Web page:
Return to the 36th Chamber
review by Jerome
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Tagline: The film’s comedy maybe a little cheesy, but for the true martial arts fan this is tops…
Review by Jerome: The original 36th Chamber of Shaolin proved to be so popular that a sequel was called for. But master martial arts filmmaker Lau Kar Leung eschewed the plot and characters of the original to create a delightful all-new story, which showcased his adoptive brother as a hapless loser… that is until he is convinced to help repair the run-down Shaolin Temple. Only then does he unknowingly learn a new kind of construction kung fu to liberate his townspeople from the persecuting Manchus!
The Chinese title in Cantonese is Siu Lam Saam Sap Luk Fong Juk Jaap: Siu Lam Taap Pang Daai See, which directly translates as The 36th Chamber Continued: The Great Scaffolding Master.
Gordan Lau doesn’t reprise his role as Saam Dak from the first film but plays a conman by the name of Zhou Ren Jie / Jau Yan Git. He is a friend with a group of die factory workers (played by many of Lau Gar Leung’s regulars Kara Hui, Hsiao Hou, Chen Szu Chia) whose boss played by Shaw Bros villain, Wang Lung Wei has hired ten Manchurians known as “the Manchu ten poles” to speed production. In the process the Han Chinese are given a 10% pay cut. With the workers unhappy with the prospects of getting a pay cut, they ask Zhou Ren Jie to impersonate the great Shaolin Monk, Saam Dak in the hope of convincing the boss to restore their wages.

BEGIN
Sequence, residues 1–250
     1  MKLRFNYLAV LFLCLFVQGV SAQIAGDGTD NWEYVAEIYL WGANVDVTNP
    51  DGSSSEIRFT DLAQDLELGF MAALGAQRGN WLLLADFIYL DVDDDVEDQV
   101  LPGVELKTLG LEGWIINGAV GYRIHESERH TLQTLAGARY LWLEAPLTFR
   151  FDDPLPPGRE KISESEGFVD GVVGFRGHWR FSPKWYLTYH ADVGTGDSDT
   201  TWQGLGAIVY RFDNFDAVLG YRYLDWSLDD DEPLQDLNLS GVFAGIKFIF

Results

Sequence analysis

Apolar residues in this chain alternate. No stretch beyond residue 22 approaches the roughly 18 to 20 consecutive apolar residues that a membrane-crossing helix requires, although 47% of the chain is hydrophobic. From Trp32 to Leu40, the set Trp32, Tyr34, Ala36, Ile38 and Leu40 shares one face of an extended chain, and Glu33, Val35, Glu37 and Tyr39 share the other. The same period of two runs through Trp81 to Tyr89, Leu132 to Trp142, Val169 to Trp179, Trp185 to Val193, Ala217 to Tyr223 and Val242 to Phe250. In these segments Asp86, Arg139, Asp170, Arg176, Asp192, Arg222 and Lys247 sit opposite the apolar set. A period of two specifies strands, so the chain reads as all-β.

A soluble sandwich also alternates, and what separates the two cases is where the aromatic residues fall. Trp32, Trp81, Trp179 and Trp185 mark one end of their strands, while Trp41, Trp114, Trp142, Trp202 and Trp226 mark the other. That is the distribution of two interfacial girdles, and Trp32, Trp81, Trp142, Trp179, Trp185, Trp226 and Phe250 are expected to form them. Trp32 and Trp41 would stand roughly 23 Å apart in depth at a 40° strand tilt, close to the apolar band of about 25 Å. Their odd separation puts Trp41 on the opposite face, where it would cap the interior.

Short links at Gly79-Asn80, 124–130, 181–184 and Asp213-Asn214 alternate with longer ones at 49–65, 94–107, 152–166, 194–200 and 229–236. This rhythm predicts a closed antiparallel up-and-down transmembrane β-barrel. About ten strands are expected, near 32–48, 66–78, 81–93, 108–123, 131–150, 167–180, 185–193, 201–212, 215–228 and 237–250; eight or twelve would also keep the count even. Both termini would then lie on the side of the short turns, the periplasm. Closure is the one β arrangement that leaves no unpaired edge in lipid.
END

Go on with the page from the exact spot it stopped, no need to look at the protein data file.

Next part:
On the very first occasion, he is able to fool the Manchu workers into believing he is a great kung fu master by playing all sorts of tricks, but is found out to be a fraud when confronting the boss of the factory. After being defeated and humiliated he is convinced by his friends to go to the Southern Shaolin temple to learn real kung fu.
Putting to use his ‘bag of tricks’ he manages to impersonate a Northern Shaolin lay disciple in order to learn the martial secrets of the Southern Shaolin. However, Abbot Saam Dak directly sees through his impersonation of a Northern Shaolin lay disciple.
Jau Yan Git for his deception is put to work setting up scaffolding for the temple as punishment. Little does he realise that he is actually learning the basic routines for kung fu. As he does the scaffolding he imitates the many lay disciples practising their Hung Gar Kung fu. Later on after he is dismissed from the temple, he returns back to his hometown to visit his old friends not knowing that what he has learnt in his time away is kung fu. He tests it out and decides to show the die factory boss, just how much a fraudster can do.
The fights are very innovative, combining bamboo-scaffolding techniques with those of the many Hung Gar kung fu routines. The comedy is cheesy but very adequate. In one scene Lau Gar Fai gives a Buddhist monk laxative in a bowl of water so he can take his place.
Wang Lung Wei, typically known for playing villainous roles shows off some great skill using the traditional bench as a weapon…Believe it or not it is one of many traditional Chinese weapons used in the film!
We also get to see the traditional training tools such as the wooden dummies, obstacle courses to train the human senses, stances and footwork.
The region 3 dvd from IVL is packed with some nice extras. These include Cast and Crew Biographies, Behind the Scenes Picture Galleries, Trailers and a documentary on Scaffolding hosted by Gordan Lau.
The film’s comedy maybe a little cheesy, but for the true martial arts fan this is tops… (Jerome 2008)
I rate it 7.5/10
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